Let’s face it. The High Holy Days can be stressful. For those with school-age children, Rosh Hashanah and Yom Kippur coincide with the beginning of the school year. The lighter workload of the summer is replaced by the need to buckle down at our jobs. Traffic increases. Sports teams organize. Religious School begins. We are back in the rat race.
Amidst the Back to School Nights and the resumption of volunteer responsibilities come the High Holy Days. While promising spiritual uplift, they are often shrouded by a demanding “to do” list:
• Make the brisket.
• Buy new Temple shoes for the kids.
• Find an outfit to “keep up with the Steins.”
• Negotiate the family gathering.
• Send the High Holy Day cards.
• Does honey have an expiration date?
Then there is shul time:
• Long services.
• Lengthy sermons.
• Kids fidgeting and bored.
• Dread the fast.
• Confront the guilt.
• Acknowledge how much we missed the mark.
Our prayerbooks ask “who shall live and who shall die in the coming year?” Many of us are more concerned with how to make it through this hectic Holy Day season! Where is the payoff for the energy we exert and the exhaustion we endure?
Oprah and others chant “don’t sweat the small stuff.” Our kid’s baseball coach tells him “keep your eye on the ball.” We can find meaning in the midst of the madness. How? Try out this alternative “to do” list for a spiritually meaningful season:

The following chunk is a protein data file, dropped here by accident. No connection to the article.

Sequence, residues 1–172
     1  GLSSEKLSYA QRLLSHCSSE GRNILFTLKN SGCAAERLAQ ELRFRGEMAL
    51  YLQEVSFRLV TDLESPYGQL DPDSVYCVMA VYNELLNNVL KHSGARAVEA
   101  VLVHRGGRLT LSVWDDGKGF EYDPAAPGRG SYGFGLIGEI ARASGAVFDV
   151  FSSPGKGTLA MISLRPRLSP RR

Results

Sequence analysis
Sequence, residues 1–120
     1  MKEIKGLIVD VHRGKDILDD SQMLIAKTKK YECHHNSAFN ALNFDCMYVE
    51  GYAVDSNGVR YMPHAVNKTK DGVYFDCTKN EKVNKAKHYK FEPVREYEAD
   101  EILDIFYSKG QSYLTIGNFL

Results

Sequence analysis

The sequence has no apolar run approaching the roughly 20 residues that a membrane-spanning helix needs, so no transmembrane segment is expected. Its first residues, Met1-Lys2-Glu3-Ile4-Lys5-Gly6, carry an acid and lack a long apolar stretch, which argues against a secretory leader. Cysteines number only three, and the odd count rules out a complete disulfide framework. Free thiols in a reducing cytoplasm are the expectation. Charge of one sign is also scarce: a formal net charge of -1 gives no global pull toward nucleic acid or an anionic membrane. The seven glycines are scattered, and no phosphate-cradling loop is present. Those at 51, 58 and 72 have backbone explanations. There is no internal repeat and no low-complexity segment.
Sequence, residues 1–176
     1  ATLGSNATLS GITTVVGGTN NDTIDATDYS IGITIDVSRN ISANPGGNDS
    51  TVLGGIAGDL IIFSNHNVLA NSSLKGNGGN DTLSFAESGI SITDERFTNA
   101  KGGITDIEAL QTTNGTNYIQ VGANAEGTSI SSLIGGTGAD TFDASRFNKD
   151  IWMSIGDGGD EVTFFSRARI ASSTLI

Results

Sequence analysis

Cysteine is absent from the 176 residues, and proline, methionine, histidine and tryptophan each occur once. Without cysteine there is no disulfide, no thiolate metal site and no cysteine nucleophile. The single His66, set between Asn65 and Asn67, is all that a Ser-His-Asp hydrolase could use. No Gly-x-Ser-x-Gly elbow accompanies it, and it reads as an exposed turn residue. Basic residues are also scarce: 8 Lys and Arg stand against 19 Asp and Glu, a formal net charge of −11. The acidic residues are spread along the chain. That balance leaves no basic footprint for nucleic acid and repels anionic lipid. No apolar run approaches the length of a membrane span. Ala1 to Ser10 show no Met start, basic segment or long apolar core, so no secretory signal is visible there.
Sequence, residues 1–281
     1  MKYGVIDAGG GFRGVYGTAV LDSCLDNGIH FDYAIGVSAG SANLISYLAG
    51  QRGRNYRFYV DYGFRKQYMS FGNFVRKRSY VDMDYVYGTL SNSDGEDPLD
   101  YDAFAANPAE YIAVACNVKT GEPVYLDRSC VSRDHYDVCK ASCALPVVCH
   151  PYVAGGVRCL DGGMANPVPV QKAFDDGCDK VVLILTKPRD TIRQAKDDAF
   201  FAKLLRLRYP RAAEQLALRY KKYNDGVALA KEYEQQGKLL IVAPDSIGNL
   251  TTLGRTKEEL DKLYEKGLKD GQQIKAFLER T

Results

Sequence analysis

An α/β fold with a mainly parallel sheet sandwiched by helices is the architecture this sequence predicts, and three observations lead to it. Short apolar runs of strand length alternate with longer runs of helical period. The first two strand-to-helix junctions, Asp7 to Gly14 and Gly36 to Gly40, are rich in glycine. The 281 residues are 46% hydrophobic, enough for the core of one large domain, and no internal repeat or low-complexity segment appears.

• Think about your year, the ups and downs. Celebrate the ways you have grown.
• Consider your shortcomings. Figure out how you might bridge the distance between who you are and who you would like to be.
• As our yoga instructor teaches, get rid of the chatter in your head and focus on breathing. Inhale deeply.
• Create space for prayer. Let tradition wind its way into your soul.
• Embrace the new beginning and the possibilities of the New Year.
• Choose age-appropriate prayer experiences for your children. Find a service or more just for yourself.
• Simplify your menu; it will still be delicious.
• Wear comfortable shoes.
• Use Chinette.
Shana Tova U’metuka. May this be a sweet New Year. Incidentally, honey lasts for three years. Serve it with apples, and it will still taste sweet!
Written by Rabbi Paul Kipnes and Michelle November. Rabbi Paul Kipnes is the spiritual leader of Congregation Or Ami, Calabasas, CA. Michelle November has worked professionally in the Jewish community for over 20 years. Together they have three kids and have survived fifteen High Holy Day seasons together as a family.